(541) Integrating Technology…for all contents!

The question many educators reflect upon is this: How can a teacher integrate technology into their content area rather then how can they integrate technology into learning?  The importance of technology is not at the heart of the issue in this specific reflection.  The task over the last few days was to analyze the various angles that technology can take in order to be an effective learning medium across multiple content areas such as Social Studies, Math, Language Arts and even Physical Education, then list the relative advantages of technology into such content areas.

Each content area shares similarities.  Educators require students to perform certain tasks or to complete certain projects in order to asses students knowledge.  Technology therefore can be involved in similar ways whether to assist in math or English.  One immediate advantage that all content areas can agree on is that using online software decreases the amount of paper used within the school.  If some sort of worksheet is appropriate for the task then the worksheet should be uploaded into a common place for students to visit and print off further worksheets if needed.

Visually, technology is appealing. “Students can use products such as graphing software, spreadsheets, and numerous online information visualization sites to put data into a concrete form for easier analysis and representation of concepts” (Roblyer and Doering, 338). Technology provides a variety of learning opportunities from simple research to complex simulations.  Either way, what the students see is advanced from the ‘overhead projector’ era.  When something moves, has color coordination to demarcate information, or is interactive then students are more eager to learn and retain information.

Technology provides simulations and other hands on experiences that schools would otherwise deem too expensive or dangerous.  I remember reading about an MIT study that worked alongside the new and innovative gesture based learning.  With a specially designed glove, a household webcam and developed software, MIT students could manipulate a simulation such as tightening a bolt of picking up an object in real time.  There are multiple advantages to this study that works across multiple contents.  Science students can see what would happen when they mixed multiple solutions together, art students can create digital portraits without the need for expensive art supplies and please consider a physical education student who could play a game of tennis against a computer without ever hitting a physical ball.  This is an advancement on the household console games from Sony, Microsoft and Nintendo.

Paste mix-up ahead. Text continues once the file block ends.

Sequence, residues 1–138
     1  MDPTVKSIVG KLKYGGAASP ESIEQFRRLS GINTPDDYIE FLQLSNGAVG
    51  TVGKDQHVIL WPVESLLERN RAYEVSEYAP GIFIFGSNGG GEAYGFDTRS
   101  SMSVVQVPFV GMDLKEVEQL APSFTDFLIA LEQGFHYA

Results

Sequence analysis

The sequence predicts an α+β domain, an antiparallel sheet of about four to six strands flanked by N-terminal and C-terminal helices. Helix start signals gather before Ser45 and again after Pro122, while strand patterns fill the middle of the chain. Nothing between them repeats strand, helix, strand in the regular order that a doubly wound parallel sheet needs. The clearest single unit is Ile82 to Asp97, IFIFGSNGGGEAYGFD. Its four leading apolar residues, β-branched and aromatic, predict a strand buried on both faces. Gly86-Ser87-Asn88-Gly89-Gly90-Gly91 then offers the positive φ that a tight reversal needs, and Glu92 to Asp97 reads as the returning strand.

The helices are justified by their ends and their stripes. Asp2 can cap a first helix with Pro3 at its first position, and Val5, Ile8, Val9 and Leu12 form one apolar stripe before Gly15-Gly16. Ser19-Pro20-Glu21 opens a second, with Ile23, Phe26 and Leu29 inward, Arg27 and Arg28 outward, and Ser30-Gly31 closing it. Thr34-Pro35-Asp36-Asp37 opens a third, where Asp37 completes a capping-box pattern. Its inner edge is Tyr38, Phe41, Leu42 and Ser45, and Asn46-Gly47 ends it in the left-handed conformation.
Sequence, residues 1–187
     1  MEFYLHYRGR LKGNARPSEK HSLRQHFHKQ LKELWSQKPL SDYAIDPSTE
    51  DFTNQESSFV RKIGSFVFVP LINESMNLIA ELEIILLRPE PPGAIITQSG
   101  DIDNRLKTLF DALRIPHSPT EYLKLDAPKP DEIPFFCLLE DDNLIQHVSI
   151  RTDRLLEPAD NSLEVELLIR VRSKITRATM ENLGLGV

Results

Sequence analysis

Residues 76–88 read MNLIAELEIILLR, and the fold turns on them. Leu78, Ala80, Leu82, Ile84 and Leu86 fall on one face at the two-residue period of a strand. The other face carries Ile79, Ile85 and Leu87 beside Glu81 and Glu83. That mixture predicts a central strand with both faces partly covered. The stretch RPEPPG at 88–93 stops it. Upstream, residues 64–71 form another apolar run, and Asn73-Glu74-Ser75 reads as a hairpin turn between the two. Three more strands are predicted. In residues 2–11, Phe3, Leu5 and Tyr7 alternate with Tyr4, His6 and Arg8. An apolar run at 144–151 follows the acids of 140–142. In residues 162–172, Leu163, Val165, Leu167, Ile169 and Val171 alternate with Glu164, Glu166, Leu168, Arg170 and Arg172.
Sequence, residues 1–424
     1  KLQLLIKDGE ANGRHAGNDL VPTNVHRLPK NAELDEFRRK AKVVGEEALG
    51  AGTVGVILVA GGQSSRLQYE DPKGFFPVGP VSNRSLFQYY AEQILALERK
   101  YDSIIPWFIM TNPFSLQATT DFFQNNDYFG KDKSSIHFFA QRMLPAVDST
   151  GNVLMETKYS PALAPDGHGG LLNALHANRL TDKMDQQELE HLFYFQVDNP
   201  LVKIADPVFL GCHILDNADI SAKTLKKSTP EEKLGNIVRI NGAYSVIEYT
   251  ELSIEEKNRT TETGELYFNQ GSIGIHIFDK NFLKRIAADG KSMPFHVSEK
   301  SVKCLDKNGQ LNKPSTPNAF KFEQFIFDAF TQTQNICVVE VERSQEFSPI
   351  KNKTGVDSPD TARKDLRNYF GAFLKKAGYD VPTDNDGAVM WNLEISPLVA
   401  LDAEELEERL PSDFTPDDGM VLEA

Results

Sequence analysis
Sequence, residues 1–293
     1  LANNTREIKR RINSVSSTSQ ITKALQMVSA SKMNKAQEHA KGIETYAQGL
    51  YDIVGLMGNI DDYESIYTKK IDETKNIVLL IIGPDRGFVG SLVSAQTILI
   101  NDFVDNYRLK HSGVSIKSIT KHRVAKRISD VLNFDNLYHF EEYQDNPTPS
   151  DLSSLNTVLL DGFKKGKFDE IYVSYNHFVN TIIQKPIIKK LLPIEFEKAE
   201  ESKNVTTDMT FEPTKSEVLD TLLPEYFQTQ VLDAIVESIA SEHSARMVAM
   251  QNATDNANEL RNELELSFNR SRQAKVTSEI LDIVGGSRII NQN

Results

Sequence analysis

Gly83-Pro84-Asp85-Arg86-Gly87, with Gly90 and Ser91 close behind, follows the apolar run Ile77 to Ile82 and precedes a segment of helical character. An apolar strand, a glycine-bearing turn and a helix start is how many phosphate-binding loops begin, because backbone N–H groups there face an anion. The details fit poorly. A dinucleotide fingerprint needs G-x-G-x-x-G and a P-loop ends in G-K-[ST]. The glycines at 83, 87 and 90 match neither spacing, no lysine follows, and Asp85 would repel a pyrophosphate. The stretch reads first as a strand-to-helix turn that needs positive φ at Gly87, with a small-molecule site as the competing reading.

There is an excitement around the school district I work in, here in Indiana.  There is a hope that as part of the Universal Design for Learning (UDL), typical learning approaches in every discipline will be muscled out with exciting new approaches that integrate technology.  Math teachers will use drill and practice methods to help their students who struggle with specific concepts.  Social studies teachers will challenge their students with virtual field trips in order to show rather then tell.  English teachers will be able to view, correct and comment on student work that builds upon student achievement and faster results.  The issue then is if teachers have the ability/training and most of all, willingness to adopt such technology into their classrooms and their teaching.


Roblyer, M. D., & Doering, A. H. (2010). Integrating educational technology into teaching. Boston: Allyn and Bacon.

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